The People’s Republic of China’s team confirmed in Rio that it was indeed the best synchronized swimming nation behind the Russian Federation by winning silver medals in duet and team, and it did so comfortably ahead of the third place finisher Japan.
The rise of China can be attributed to Masayo Imura a few years ago. Imura, also referred to as the “mother of synchro,” first coached the Japanese national team from 1984 – 2004, and Japan was a powerhouse and dominant force in the sport back then. Imura was then hired to be the head coach of the Chinese national team. At her first Olympics with the team in 2008, they won their first Olympic team medal with a bronze. That medal already marked the start of something big, as China had only placed sixth four years before in Athens, Greece. Japan did not medal in team and grabbed the bronze in duet.
After a big haul of bronze medals at the 2009 World Championships in Rome, Italy, China settled for six silvers and a bronze at 2011 Worlds in front of their home crowd in Shanghai, and has never gone back down ever since. In London in 2012, China continued its dominant performances and grabbed silver in team and bronze in the duet, while Japan failed to make the podium in either category.
Imura brought to China her training methods, her technical expertise and her visions of synchronized swimming that had worked so well with Japan. She went back to Japan in 2014, and the difference in Japan’s routines was immediately obvious and rewarded, but we will get into it in more details in another article.
Back in China, Mayuko Fujiki was named as the new head coach of the program, with the high expectations of following Imura’s work and maintaining the team at such a high level and always in silver-medal contention. Fujiki, who is also originally from Japan, had been working for a few years with the U.S. national team, and beforehand was coaching the Spanish senior national team alongside Anna Tarrés.
The Chinese swimmers have always been renowned for their strong technical abilities and incredible work ethic, but the most common criticism has been that the style and music are always more or less the same, and that the routines sometimes lacks in artistic impression. Even Fujiki admitted in an interview when she first got the position that China is always very good and impressive technically, but that it is hard to connect emotionally and that they don’t have many memorable routines.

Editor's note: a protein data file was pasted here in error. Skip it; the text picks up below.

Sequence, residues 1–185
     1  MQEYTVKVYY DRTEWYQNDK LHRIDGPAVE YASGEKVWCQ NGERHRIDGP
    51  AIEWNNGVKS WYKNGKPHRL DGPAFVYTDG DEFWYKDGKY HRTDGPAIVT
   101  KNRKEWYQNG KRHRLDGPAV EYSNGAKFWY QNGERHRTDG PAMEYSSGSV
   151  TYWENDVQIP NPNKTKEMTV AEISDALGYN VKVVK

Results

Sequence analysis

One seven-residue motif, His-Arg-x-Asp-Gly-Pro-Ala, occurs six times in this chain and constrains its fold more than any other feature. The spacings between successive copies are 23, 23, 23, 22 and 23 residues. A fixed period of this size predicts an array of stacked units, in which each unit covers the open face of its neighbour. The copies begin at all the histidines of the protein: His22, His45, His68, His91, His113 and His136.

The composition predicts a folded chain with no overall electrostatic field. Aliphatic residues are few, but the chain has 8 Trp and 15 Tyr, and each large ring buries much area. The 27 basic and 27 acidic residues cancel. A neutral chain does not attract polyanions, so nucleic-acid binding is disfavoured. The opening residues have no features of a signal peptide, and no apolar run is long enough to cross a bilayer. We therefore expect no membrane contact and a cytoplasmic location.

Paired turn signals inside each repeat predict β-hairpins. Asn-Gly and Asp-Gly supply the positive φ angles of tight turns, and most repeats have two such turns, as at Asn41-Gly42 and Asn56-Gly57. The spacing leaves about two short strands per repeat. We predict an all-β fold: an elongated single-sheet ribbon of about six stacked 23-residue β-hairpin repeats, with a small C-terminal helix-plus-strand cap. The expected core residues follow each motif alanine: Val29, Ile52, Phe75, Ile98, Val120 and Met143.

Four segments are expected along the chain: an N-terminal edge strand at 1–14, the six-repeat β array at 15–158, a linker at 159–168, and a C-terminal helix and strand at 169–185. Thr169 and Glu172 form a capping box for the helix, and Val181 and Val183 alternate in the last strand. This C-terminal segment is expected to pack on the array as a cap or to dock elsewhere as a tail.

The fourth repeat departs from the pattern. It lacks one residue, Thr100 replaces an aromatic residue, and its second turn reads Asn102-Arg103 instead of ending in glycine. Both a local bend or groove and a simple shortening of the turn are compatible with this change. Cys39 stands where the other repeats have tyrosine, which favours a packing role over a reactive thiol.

Fujiki came in with the vision of synchronized swimming as an art, and as a discipline that needs to be enjoyed and not considered as only a job. She wanted to try to infuse some of the artistry and innovation she learned in Spain and in the Western world into the Chinese program. Ultimately, her ideas to revolutionize the Chinese synchro culture were welcomed by the federation, the rest of the staff, and the swimmers.
In Rio, Fujiki took a risk when the team showed up with a brand new technical routine set to Brazilian music, which is something very different from what we are used to seeing coming from China. The crowd absolutely loved it of course, and it was very refreshing to see China get out of its comfort zone and present such a fun, entertaining, and upbeat routine. Moreover, it is always good to have the crowd on your side and have the pool essentially feel like a soccer stadium after swimming. Technically it shouldn’t influence the judges, but subconsciously, it probably does a little bit.
Swimmer Sun Wenyan confirmed it in an interview with FINA:
“In our routine we also have some western elements, which I think went over really well with the audience as well as the judges. The cultural theme of our routine is very different so if people like our music they will just naturally fall in love with our routine.”
For the free team routine, China kept its “Dragons” routine from the 2015 World Championships, and the swimmers were able to stay in the silver medal position after a strong swim and with very 2013 Russian-esque headpieces. It would have been very, very hard to beat Russia’s 99.1333 free score anyways. With a technical score of 95.6174 and a free score of 97.3667, China confirmed itself as one of the new dominant nations in synchronized swimming nation.
In the technical duet competition, the gap with Russia was actually a lot smaller, and Huang Xuechen and Sun Wenyan came within a point of Natalia Ischenko and Svetlana Romashina with a routine set to “Run Boy Run” by Woodkid, which was again a little different than usual (in a good way!). Getting so close is quite a feat and probably gave the Russians a little scare. There was still a two points difference in free duet, but the Chinese are slowly inching closer.
This result of two silver medals at the Olympic Games is the best ever in the country’s history. It takes a lot to bring a country to the top, but it takes just as much to maintain it there, and Fujiki succeeded.
China’s main goal remains to beat Russia, or at least to keep getting closer. In Rio, Russia still had a lead of nearly four points in team and three in duet, but China was also over three points ahead of Japan. However, we cannot underestimate Japan now that it is under the guidance of their old coach, and it has already skyrocketed in the rankings in only two years. At least, the Chinese coaching staff and swimmers know what Imura is capable of and can somewhat anticipate her strategy.
With the next Olympics in Tokyo, we can fully expect Japan to keep progressing and to aim to pass China in the rankings on their home turf. In the meantime and with this renewed vision of the sport, China is poised to continue winning many medals on the international stage over the next quadrennium.